As the pandemic ends, more rulers face scrutiny
In Sri Lanka, mass protests revel a public eager for economic management by accountable and competent leaders – not by a family dynasty.
There is a broad consensus among global observers that the pandemic has harmed democracy. Yet as the face masks come off and normal life resumes, another trend is emerging: By exacerbating the impact of corruption and economic mismanagement, the pandemic has sharpened a yearning for better governance, from Cuba to Pakistan and Argentina to Israel.
In Sri Lanka, massive street protests in recent weeks have revealed an additional dimension: a demand for an end to the incompetent rule of a family dynasty, one that has exploited ethnic and religious divisions to stay in power. The main reason for the country’s current crises, says Medagoda Abayathissa Thero, a prominent Buddhist monk, is “family rule.”
The turmoil in this island nation on the southern tip of India may mark a turning point in the public’s demand for merit-based rule. That holds lessons for other societies striving to build durable democracies, especially ones seeking to be free of family rule. One study published in 2018 found 1 in 10 world leaders come from households with political ties.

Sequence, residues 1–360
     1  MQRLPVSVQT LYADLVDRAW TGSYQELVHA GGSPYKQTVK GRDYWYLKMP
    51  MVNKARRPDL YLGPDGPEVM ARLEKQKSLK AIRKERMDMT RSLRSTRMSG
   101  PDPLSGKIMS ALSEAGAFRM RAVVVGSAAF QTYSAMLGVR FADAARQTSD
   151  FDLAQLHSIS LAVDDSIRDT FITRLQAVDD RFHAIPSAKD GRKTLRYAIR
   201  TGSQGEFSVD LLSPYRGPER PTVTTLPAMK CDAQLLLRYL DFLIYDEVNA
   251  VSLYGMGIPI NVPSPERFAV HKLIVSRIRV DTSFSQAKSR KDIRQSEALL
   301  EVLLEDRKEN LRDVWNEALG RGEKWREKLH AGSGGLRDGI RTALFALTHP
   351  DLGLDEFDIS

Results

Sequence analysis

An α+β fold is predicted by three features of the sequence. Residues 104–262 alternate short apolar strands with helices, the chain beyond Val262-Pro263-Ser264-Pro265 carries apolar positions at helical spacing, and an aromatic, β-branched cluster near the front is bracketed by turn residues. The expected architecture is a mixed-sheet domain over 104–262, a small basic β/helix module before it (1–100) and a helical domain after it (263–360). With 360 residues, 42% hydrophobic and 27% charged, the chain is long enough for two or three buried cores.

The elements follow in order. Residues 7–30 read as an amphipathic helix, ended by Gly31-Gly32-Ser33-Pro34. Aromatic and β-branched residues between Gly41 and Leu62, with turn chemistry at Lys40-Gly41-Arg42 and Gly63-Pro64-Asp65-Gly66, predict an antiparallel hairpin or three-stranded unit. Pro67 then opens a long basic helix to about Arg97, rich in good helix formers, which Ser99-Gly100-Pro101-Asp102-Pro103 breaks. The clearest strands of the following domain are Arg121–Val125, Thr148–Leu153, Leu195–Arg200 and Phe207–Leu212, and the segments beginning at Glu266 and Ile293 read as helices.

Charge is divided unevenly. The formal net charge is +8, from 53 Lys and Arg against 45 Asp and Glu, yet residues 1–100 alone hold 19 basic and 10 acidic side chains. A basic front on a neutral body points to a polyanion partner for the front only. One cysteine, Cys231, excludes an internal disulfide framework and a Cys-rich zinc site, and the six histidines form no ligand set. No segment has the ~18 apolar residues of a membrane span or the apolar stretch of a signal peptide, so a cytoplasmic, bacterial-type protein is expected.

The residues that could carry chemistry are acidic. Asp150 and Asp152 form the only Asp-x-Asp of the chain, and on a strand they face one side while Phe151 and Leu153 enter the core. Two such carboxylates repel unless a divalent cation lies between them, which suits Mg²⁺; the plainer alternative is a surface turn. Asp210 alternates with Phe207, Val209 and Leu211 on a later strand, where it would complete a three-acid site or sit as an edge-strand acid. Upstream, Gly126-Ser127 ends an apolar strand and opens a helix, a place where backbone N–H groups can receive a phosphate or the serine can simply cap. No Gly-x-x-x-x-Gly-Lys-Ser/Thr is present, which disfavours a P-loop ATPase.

For most of the past two decades, Sri Lanka has been dominated by the Rajapaksa family. Two brothers have served as president for all but five years since 2005, creating an impression they are entitled to rule. One brother, Mahinda, is credited with ending the 26-year civil war with the separatist Tamil minority.
Yet this dynastic rule has bred a sense of social inequality and the country’s worst economic crisis since independence in 1948. Since the family first held the presidency, the country has dropped 24 places in a global ranking of countries for corruption by Transparency International. Acute shortages of food, electricity, and gas have exhausted the public’s patience with the family’s quixotic economic policies and rule by force. Gotabaya, the other brother and current president, faces pressure to resign.
“What the Rajapaksas have been doing all these years was to divide the people along ethnic and religious lines,” Christopher Stephen, a construction businessman in Colombo, the capital, told NPR. “But this has united all Sri Lankans – Sinhalese, Tamils, Muslims, Burghers – all want them out.”
In recent days, scores of lawmakers have withdrawn from Gotabaya’s ruling coalition. Negotiations for a rescue loan from the International Monetary Fund hang in the balance. Yet amid the political uncertainty, Sri Lankans may be showing a way out of family rule, giving hope to other nations now more closely scrutinizing their leaders.